After rolling around trying to choke each other, Bang-won eventually ends up straddling Boon-yi, who’s too out of breath to mount a counteroffensive. Instead she still claims he’s full of lies about his father, to which a tearful Bang-won admits, “He has no power.”
He thought his father was unparalleled in strength before, but now believes just the opposite, which is more of an admission to himself than anyone. He tries to leave it at that, only for Boon-yi to scream after him, “Then what do I do? I need your father’s power!”
She cries that Bang-won’s the only person she knows and can rely on, and if his father can’t help, then her brother’s doomed. She’s justifiably scared to death of the thought of losing him on top of her mother, and both her and Bang-won cry for their shared misery.
Bang-won finds a way to get an adult’s help without asking his father…by enlisting his bodyguard, Young-kyu. Young-kyu balks when Boon-yi says there are about ten men guarding her brother, but Bang-won urges him on by being all, If you can’t even rescue a little kid, what good are you? Once he reluctantly agrees, Bang-won takes Boon-yi by the hand and reassures her that everything’s going to be okay.
Lee In-gyeom’s scholar spies do their work and kidnap Jung Do-jeon before he can join the others, inadvertently throwing him into the same shed that Ddang-sae’s tied up in. While Jung Do-jeon knows instantly that he’s acting on Lee In-gyeom’s orders, the scholar seems almost angry at him for not having a more foolproof plan—did he really think he’d pull off his rebellion without Lee In-gyeom finding out about it?
It’s a trap, the scholar claims, and one Lee In-gyeom crafted to push the sadaebu like him out of the picture. He leaves after having his cronies beat Jung Do-jeon, but the real betrayal comes when his old friend Jung Mong-joo is brought to him, only to stand there and not untie him.
Quick on his feet (or on his butt this time), Jung Do-jeon tries to reason with Jung Mong-joo, knowing that his mind has been poisoned by Lee In-gyeom’s side. He knows his old friend doesn’t have faith in him, but swears that he has a plan, one that’ll accomplish their shared goal of preventing war.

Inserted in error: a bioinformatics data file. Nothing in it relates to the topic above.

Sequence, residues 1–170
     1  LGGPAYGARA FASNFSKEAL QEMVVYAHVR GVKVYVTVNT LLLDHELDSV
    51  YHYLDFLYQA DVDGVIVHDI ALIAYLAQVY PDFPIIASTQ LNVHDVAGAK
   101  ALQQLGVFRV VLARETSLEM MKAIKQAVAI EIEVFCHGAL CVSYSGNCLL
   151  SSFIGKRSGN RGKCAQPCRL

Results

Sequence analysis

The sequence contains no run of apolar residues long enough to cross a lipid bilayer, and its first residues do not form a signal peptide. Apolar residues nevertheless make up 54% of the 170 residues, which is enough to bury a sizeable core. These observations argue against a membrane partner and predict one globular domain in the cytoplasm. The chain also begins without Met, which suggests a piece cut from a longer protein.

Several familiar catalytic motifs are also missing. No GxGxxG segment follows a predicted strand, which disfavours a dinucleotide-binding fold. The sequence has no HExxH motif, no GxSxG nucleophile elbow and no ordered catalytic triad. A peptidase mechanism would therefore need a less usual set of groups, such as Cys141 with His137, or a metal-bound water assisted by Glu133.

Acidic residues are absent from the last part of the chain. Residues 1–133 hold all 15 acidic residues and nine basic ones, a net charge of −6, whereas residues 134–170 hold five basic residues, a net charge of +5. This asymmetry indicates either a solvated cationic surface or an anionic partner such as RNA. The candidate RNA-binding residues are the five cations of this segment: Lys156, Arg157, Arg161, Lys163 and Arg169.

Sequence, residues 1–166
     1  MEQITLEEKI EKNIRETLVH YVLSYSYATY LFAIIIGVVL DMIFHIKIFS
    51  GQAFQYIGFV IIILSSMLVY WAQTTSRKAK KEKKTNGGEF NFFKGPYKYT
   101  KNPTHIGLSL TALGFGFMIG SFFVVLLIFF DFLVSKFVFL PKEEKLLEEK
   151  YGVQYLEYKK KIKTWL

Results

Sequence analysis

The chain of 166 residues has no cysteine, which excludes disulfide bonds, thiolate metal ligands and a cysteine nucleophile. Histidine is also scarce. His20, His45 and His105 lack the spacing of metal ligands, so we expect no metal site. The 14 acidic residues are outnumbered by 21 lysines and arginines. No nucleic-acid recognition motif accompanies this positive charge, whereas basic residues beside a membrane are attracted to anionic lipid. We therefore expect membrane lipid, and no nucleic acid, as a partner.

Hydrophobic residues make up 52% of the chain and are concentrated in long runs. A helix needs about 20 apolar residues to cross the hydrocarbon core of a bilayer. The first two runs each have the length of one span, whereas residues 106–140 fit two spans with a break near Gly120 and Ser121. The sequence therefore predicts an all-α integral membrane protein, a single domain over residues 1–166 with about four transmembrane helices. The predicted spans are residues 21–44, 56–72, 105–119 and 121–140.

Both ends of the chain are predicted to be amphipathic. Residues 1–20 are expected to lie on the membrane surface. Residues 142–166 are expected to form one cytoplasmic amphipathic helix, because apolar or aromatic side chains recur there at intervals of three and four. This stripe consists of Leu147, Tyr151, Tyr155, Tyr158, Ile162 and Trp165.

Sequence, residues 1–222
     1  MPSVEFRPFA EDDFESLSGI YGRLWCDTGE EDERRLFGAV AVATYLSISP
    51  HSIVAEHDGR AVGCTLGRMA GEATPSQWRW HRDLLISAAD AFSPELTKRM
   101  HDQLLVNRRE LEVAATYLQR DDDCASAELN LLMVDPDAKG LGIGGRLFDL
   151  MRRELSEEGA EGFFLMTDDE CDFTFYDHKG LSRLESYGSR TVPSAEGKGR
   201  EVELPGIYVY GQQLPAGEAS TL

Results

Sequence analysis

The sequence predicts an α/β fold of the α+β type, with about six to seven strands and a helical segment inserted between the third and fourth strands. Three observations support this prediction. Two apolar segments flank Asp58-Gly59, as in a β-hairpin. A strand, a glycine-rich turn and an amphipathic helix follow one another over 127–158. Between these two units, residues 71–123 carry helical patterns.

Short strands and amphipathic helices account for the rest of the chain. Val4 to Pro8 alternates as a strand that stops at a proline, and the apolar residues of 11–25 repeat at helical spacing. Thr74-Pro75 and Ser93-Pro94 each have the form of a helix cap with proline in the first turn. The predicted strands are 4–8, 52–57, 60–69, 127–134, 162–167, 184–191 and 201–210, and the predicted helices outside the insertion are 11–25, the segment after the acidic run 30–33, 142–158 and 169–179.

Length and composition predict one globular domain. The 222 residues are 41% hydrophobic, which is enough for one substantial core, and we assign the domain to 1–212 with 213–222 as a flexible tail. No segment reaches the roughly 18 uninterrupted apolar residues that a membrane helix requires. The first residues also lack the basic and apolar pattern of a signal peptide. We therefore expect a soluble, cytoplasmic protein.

But Jung Mong-joo claims this is about more than just him—the fate of the sadaebu is at stake. Jung Do-jeon thinks they’re all snakes who’d sell their mother to Lee In-gyeom if it meant a government post and doesn’t want to court their favor, while Jung Mong-joo frets that there’s no way around it, since Jung Do-jeon can’t make all of them his enemies and still succeed.
It’s clear that the two men care for each other despite their ideological stalemate, both of them equally passionate about how they believe they can bring about peace. And Jung Mong-joo thinks he’s acting in his friend’s best interest by worrying about keeping him alive in the short term, while Jung Do-jeon doesn’t see how that matters when they’ll all die should they go to war with Yuan.
Once it’s just the captives inside, Bang-won’s bodyguard takes down the guards and breaks down the door… only for Bang-won and Boon-yi to come face to face with Jung Do-jeon and his partner. It’s kind of funny how dead serious Jung Do-jeon is about preventing war, while Boon-yi couldn’t care less—her oppa points her in the direction of the man who tied her up, so she grabs Jung by his robes and shakes him as punishment.
“Not that man!” Ddang-sae yelps from his spot on the floor, causing Boon-yi to switch over to shaking Jung Do-jeon’s partner instead. All of Jung’s lofty talk about needing to be freed to stop a war is lost on Boon-yi and her brother, but not Bang-won, who takes it very seriously: “Can you really defeat Lee In-gyeom and prevent war?”
Jung Do-jeon looks him in the eye and says with all confidence, “Yes, I can. Let me go.” Bang-won thinks to himself that his father couldn’t do what the tied-up man claims he can, and asks him to promise that he can do what he claims. Jung Do-jeon nods, “I promise.”
The scholars who stage a protest against diplomacy with Yuan are herded away from the gates as Gil Tae-mi rides in disguised as a Yuan beekeeper. No sooner do they all learn that Jung Do-jeon has escaped do they see him march into the assembly.
Bang-won watches him from the crowd and reminds himself, and an unhearing Jung Do-jeon, that he better keep his promise. All that faith leaves him the second Jung Do-jeon pulls out a knife to stage a weak attack on the disguised envoy, only to be thrown to the ground.